DEL MCCOURY BAND
With the recent passing of Bill Monroe, the undisputed father of bluegrass, it's hard not to view Del McCoury--who played and sang in Monroe's band in the 60s--as the music's most vital living proponent. Most modern bluegrass artists have opted either for post-Alison Krauss airbrushed gloss or post-Bela Fleck wankery, but McCoury has managed to stay moored to the tradition without coming off as a moldy old fig. On his superb new album, The Cold Hard Facts (Rounder), McCoury even transforms Tom Petty's sulky "Love Is a Long Road" into a searing, ebullient breakdown. Most of the time, however, McCoury sticks with solid originals or classic bluegrass and country material, such as a winning romp through the Ray Price hit "I'll Be There." All five members of the band--his sons Rob and Ronnie on banjo and mandolin, Jason Carter on fiddle, Mike Bub on bass, and Del on guitar--were each recently nominated as instrumentalists in International Bluegrass Music Awards (an unprecedented achievement), but there's no indulgent flashiness heard in the music. The band's most valuable instrument is without a doubt Del McCoury's high lonesome voice. It drips with vulnerability, quavering on the sad songs and threatening to break apart with joy on the upbeat numbers. If there's a contemporary group that can change the minds of nonbelievers it's this one. Also performing are sturdy bluegrass vets the Osborne Brothers. Saturday, 7 and 10 PM, Old Town School of Folk Music, 909 W. Armitage; 773-525-7793.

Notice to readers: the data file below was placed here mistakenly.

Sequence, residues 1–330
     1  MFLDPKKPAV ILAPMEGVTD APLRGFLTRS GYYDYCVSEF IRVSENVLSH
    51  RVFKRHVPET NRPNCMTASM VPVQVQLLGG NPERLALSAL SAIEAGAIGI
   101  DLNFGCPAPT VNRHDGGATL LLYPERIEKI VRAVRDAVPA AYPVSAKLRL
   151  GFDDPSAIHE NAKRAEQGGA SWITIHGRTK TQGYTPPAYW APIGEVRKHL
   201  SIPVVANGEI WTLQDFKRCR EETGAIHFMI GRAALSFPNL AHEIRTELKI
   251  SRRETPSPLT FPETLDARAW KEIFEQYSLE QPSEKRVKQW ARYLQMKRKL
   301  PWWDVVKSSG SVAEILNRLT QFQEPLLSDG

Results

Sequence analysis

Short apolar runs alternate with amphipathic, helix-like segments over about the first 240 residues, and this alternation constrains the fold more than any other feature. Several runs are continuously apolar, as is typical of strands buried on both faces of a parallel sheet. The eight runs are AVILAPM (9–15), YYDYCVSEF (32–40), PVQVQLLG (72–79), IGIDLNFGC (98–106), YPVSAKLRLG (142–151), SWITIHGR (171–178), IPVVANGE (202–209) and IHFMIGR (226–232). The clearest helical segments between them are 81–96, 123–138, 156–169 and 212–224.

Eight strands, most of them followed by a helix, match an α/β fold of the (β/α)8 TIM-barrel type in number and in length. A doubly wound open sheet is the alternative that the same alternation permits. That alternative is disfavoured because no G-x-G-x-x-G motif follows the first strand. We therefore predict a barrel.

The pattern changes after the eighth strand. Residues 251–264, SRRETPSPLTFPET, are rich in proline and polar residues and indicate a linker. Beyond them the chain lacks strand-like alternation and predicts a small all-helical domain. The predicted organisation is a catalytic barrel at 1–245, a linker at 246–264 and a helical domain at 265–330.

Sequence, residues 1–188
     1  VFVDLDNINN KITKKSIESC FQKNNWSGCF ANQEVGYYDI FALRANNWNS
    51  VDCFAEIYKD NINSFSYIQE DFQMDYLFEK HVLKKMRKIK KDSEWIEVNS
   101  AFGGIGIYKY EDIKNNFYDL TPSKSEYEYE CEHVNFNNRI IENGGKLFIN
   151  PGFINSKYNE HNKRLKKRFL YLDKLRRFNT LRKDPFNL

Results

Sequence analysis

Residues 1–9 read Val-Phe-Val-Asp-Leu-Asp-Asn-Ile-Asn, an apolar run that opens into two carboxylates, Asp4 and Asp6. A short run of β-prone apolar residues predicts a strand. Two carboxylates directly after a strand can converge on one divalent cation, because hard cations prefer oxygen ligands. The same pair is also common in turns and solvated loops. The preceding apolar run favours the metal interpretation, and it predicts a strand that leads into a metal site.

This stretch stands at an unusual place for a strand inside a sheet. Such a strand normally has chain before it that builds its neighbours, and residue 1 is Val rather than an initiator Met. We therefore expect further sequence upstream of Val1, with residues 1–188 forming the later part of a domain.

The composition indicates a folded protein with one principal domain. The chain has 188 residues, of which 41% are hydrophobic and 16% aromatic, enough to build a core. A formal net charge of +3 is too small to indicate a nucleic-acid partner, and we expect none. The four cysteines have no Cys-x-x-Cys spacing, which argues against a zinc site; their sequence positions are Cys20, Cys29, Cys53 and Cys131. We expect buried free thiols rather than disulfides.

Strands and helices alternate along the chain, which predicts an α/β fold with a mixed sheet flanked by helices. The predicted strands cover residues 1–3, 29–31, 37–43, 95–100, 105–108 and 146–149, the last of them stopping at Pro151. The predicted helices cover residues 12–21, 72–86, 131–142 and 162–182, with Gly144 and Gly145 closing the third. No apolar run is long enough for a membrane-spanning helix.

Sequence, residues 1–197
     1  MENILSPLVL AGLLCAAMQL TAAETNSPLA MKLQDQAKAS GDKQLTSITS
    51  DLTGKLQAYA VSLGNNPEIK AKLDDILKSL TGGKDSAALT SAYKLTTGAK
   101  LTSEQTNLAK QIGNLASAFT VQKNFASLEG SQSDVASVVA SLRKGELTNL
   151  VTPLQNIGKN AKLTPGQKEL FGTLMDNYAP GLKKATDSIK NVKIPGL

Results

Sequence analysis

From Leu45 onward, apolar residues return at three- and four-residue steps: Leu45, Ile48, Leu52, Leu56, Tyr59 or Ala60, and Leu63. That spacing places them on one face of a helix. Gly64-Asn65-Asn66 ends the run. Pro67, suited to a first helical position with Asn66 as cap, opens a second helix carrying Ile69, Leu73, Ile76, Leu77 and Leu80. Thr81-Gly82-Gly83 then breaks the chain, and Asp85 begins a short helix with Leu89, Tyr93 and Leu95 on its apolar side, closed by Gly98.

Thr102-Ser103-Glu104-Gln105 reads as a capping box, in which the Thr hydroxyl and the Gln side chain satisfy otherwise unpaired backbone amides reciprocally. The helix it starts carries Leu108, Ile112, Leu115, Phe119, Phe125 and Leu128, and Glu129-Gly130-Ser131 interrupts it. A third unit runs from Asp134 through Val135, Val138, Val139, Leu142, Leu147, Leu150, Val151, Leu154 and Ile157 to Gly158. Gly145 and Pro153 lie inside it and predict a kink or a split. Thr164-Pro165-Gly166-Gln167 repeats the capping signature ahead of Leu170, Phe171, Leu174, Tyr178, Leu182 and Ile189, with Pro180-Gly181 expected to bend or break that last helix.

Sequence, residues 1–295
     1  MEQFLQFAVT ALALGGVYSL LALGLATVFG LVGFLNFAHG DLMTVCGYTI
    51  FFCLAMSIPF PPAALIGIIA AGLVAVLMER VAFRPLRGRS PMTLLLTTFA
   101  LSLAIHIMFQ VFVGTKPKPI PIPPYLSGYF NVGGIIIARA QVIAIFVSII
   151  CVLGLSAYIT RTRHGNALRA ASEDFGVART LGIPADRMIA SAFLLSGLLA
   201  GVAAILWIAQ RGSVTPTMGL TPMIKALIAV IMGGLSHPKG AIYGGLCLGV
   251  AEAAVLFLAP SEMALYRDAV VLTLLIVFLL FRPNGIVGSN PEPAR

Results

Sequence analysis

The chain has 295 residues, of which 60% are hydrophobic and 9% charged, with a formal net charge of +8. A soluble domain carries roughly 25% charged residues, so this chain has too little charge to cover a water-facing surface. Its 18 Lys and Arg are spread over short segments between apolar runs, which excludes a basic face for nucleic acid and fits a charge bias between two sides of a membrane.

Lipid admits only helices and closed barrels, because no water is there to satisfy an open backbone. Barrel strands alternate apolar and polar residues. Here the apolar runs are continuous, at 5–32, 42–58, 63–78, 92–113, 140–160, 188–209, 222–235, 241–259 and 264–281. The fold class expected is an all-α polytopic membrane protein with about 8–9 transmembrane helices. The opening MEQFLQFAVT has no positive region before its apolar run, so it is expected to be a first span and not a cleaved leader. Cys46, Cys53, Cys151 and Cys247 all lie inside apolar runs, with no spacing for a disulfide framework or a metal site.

Art accompanying story in printed newspaper (not available in this archive): photo/ Jim McGuire.